The Wyden-Crapo bill has 15 co-sponsors, including two Republicans. A companion House bill by Rep. Mike Simpson, R-Idaho, has 99 co-sponsors, including 50 Republicans.
‘Yet Another Escape Hatch’
Staff members for a prominent Republican on the Senate Budget Committee, where members include Wyden and Crapo, are working to build opposition to the proposals.
Republican aides on the committee distributed an internal memo to Capitol Hill staffers analyzing the Wyden-Crapo plan. The memo, obtained by The Daily Signal, says that if the bill were enacted “there is a strong likelihood of an adjustment in the BCA [Budget Control Act] caps in any given fiscal year.”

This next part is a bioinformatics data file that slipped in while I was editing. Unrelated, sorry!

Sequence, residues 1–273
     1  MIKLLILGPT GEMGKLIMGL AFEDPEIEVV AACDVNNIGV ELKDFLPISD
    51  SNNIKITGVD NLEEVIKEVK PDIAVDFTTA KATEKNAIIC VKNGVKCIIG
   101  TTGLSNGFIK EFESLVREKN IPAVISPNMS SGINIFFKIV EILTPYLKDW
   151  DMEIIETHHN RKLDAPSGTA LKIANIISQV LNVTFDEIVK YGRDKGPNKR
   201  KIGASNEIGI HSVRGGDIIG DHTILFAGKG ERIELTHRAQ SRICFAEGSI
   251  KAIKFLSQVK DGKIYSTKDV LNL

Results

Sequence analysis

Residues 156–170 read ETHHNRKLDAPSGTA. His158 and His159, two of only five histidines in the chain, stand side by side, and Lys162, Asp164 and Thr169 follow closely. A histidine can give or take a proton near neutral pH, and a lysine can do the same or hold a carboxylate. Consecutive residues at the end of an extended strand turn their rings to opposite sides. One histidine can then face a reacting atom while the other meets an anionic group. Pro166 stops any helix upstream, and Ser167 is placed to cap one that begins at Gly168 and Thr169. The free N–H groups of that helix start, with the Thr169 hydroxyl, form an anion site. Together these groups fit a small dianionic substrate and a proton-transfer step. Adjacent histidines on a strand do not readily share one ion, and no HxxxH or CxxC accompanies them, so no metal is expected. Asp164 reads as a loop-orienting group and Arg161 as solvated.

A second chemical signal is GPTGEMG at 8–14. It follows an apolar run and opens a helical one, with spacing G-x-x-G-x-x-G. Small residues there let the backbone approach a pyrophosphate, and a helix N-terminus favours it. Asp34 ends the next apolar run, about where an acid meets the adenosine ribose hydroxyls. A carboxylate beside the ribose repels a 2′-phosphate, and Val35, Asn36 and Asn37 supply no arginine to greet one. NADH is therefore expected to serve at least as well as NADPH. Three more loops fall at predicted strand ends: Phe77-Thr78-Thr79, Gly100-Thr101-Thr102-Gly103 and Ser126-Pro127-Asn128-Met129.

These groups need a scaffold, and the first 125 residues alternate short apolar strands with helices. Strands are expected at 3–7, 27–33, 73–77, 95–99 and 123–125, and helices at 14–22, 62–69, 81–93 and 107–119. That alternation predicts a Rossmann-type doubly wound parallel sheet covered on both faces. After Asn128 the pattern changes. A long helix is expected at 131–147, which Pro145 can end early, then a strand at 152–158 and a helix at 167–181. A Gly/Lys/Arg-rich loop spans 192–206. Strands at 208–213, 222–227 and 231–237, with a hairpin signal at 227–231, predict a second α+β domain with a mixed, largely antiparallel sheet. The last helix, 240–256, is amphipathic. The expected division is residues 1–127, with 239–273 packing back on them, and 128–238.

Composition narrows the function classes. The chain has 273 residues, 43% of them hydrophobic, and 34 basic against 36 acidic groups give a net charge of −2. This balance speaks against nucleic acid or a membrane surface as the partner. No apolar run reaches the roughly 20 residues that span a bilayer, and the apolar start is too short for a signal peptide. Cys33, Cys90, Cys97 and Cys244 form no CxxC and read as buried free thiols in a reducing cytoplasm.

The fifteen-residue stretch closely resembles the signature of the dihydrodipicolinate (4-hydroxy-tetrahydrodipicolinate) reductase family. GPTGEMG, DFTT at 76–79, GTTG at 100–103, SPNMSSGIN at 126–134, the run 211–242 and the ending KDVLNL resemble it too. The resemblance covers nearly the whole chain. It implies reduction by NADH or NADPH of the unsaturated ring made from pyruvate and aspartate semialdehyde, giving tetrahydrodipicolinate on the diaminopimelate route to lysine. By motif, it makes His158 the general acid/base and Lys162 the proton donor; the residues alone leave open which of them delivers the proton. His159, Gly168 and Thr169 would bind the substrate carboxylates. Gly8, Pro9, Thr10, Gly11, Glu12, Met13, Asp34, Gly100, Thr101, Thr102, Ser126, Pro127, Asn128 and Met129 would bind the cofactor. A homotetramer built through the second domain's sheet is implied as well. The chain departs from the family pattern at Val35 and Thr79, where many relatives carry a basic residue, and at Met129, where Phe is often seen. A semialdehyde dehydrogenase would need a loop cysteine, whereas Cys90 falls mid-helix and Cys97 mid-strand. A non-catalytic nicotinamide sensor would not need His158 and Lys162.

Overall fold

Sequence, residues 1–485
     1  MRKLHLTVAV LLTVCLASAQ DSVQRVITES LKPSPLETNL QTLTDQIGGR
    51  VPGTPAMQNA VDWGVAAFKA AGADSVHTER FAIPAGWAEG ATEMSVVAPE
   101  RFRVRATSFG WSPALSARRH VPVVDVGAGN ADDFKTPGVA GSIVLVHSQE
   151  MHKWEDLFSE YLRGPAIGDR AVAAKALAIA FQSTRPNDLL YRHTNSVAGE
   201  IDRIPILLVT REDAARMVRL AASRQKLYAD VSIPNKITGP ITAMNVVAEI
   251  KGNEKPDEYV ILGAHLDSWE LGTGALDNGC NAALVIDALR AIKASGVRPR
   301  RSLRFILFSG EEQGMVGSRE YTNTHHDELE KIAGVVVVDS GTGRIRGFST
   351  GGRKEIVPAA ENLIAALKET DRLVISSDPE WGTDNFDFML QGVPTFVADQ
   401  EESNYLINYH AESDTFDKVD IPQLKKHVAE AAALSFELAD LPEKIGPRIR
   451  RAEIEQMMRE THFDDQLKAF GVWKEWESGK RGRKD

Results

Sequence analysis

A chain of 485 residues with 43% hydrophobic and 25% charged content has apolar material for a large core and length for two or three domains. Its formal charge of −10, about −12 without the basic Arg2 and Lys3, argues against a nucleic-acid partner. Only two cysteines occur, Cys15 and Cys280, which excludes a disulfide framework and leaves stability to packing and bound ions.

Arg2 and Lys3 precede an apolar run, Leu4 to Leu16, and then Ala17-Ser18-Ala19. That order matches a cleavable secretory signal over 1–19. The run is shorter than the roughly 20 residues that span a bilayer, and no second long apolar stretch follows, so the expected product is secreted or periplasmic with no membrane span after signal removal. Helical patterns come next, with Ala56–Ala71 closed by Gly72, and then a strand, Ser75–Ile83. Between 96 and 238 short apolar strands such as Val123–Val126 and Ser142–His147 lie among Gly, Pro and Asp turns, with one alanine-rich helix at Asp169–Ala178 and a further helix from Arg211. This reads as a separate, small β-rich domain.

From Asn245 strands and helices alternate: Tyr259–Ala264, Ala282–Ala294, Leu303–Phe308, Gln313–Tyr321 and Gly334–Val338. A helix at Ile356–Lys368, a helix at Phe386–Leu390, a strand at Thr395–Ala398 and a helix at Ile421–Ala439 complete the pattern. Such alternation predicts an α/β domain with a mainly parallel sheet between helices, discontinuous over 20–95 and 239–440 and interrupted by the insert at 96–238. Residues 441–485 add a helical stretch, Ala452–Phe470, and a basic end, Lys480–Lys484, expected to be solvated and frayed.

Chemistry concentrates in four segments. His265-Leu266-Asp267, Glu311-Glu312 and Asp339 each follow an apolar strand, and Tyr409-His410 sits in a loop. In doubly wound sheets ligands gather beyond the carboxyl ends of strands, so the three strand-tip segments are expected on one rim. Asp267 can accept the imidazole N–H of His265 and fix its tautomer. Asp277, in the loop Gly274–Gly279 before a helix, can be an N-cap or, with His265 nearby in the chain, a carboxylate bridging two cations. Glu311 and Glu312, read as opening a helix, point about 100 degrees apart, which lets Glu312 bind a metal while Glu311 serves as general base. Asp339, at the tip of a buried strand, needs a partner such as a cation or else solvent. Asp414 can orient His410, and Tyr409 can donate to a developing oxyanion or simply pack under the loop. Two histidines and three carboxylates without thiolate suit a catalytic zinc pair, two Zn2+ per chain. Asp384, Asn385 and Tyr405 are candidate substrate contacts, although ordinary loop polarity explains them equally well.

If that were to happen, the memo suggests, it could precipitate unnecessary spending elsewhere — and anywhere.
“It could create room below the BCA caps for additional appropriations for non-defense, non-wildfire suppression operations,” the memo concludes.
House Budget Chairman Paul Ryan has objected publicly to such a plan, which he said circumvents budget caps. Ryan spokesman Kevin Seifert told The Daily Signal today:
House Republicans have made progress on the deficit, and now the president is trying to undo it. He wants to use an escape hatch in our spending caps to pay for his mistakes on immigration. And he’s trying to carve out yet another escape hatch to pay for wildfires. We have to hold the president accountable; otherwise we will lose many of our hard-won gains.